In the wake of NASA’s supremely successful inaugural test flight of the Orion deep space capsule on the EFT-1 mission in Dec. 2014, NASA is beefing up the critical thermal protection system (TPS) that will protect astronauts from the searing heats experienced during reentry as the human rated vehicle plunges through the Earth’s atmosphere after returning from ambitious expeditions to the Moon and beyond.
Based in part on lessons learned from EFT-1, engineers are refining Orion’s heat shield to enhance the design, ease manufacturing procedures and significantly strengthen is heat resistant capabilities for the far more challenging space environments and missions that lie ahead later this decade and planned further out in the future as part of NASA’s agency-wide ‘Journey to Mars’ initiative to send humans to the Red Planet in the 2030s.
On all future flights starting with Exploration Mission 1 (EM-1), the Orion crew module must withstand the higher temperatures and speeds experienced during return from more distant destinations such as the Moon, near-Earth Asteroids and Mars.
“Orion’s thermal protection system is essential to successful future missions,” said John Kowal, NASA’s thermal protection system lead for Orion, in a statement.
“As we move toward building the system for EM-1, we’ve been able to take advantage of what we learned from building and flying Orion to refine our processes going forward.”
Orion’s thermal protection system is comprised of the 16.5-foot-wide (5-meter-wide) main heat shield covering the rounded base of the capsule as well as the grid of back shell tiles bonded around the vehicle from top to bottom.
Starting with EM-1, engineers will bond Orion’s thermal protection system back shell tiles with a silver, metallic-based thermal control coating.
The back shell tiles were black colored during the two orbit, 4.5 hour long EFT-1 mission.
Orion EM-1 will launch uncrewed on the maiden test flight of the NASA’s mammoth Space Launch System (SLS). Liftoff is targeted for no later than November 2018 and SLS will be configured in its initial 70-metric-ton (77-ton) version with a liftoff thrust of 8.4 million pounds.
SLS-1 will boost the unmanned Orion on an approximately three week long test flight beyond the Moon and back.
The SLS-1/EM-1 test flight with the uncrewed will launch from Launch Complex 39-B at the Kennedy Space Center.
During EM-1, Orion will endure a more intense re-entry environment compared to the EFT-1 flight profile which flew to high Earth orbit of approximately 3600 miles altitude and experienced roughly 85% of the reentry speed.
During the EFT-1 reentry, Orion encountered speeds of 30,000 feet per second (20,000 mph) and temperatures of approximately 4,000 degrees Fahrenheit (2200 Celsius).
By contrast, Orion EM-1 “will experience a faster return from lunar velocity of about 36,000 feet per second. While the speed difference may seem subtle, the heating the vehicle sees increases exponentially as the speed increases,” say officials.
The new silver-metallic coating is “similar to what is used on the main heat shield, will reduce heat loss during phases when Orion is pointed to space and therefore experiencing cold temperatures, as well as limit the high temperatures the crew module will be subjected to when the spacecraft faces the sun.”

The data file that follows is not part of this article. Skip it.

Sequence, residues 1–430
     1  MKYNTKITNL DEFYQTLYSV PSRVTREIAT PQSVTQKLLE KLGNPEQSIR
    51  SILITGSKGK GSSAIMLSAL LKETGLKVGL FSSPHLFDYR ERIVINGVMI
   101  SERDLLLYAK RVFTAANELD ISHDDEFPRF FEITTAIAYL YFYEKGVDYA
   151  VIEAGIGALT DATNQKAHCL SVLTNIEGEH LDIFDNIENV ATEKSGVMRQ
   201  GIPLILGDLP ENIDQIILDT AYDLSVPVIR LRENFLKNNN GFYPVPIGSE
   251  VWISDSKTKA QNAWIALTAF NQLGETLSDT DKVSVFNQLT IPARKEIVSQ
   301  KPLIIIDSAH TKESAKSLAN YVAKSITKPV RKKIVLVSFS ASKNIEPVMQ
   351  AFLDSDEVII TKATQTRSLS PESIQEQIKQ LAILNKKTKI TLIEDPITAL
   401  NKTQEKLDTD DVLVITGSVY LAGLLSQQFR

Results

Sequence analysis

The coating is designed to keep Orion’s back shell in a temperature range from approximately -150 to 550 degrees Fahrenheit prior to entry and afford protection against electrical surface charges in space and during re-entry.
“You’re trying to hit this sweet spot because when you’re looking at the sun, you don’t want to get too hot, and then when you’re not looking at the sun and instead in darkness, you don’t want to lose all the heat that the spacecraft generates,” Kowal elaborated.
NASA continues to make good progress on all designing, building and testing elements of SLS-1 and Orion EM-1 as reported here including the SLS RS-25 core stage engines, assembling the SLS core stage and Orion capsule, testing the solid rocket boosters, and modifying Pad 39-B and the mobile launcher.
Orion’s inaugural mission dubbed Exploration Flight Test-1 (EFT) was successfully launched on a flawless flight on Dec. 5, 2014 atop a United Launch Alliance Delta IV Heavy rocket Space Launch Complex 37 (SLC-37) at Cape Canaveral Air Force Station in Florida.
Stay tuned here for Ken’s continuing Earth and Planetary science and human spaceflight news.
Learn more about Orion, SLS, SpaceX, Orbital ATK Cygnus, ISS, ULA Atlas rocket, Boeing, Space Taxis, Mars rovers, Antares, NASA missions and more at Ken’s upcoming outreach events:
Dec 1 to 3: “Orbital ATK Atlas/Cygnus launch to the ISS, ULA, SpaceX, SLS, Orion, Commercial crew, Curiosity explores Mars, Pluto and more,” Kennedy Space Center Quality Inn, Titusville, FL, evenings
Dec 8: “America’s Human Path Back to Space and Mars with Orion, Starliner and Dragon.” Amateur Astronomers Assoc of Princeton, AAAP, Princeton University, Ivy Lane, Astrophysics Dept, Princeton, NJ; 7:30 PM.
Dr. Ken Kremer is a speaker, research scientist, freelance science journalist (KSC area,FL) and photographer whose articles, space exploration images and Mars mosaics have appeared in magazines, books, websites and calendars including Astronomy Picture of the Day, NBC, FOX, BBC, SPACE.com, Spaceflight Now, Science and the covers of Aviation Week & Space Technology, Spaceflight and the Explorers Club magazines. Ken has presented at numerous educational institutions, civic & religious organizations, museums and astronomy clubs. Ken has reported first hand from the Kennedy Space Center, Cape Canaveral, NASA Wallops, NASA Michoud/Stennis/Langley and on over 80 launches including 8 shuttle launches. He lectures on both Human and Robotic spaceflight – www.kenkremer.com. Follow Ken on Facebook and Twitter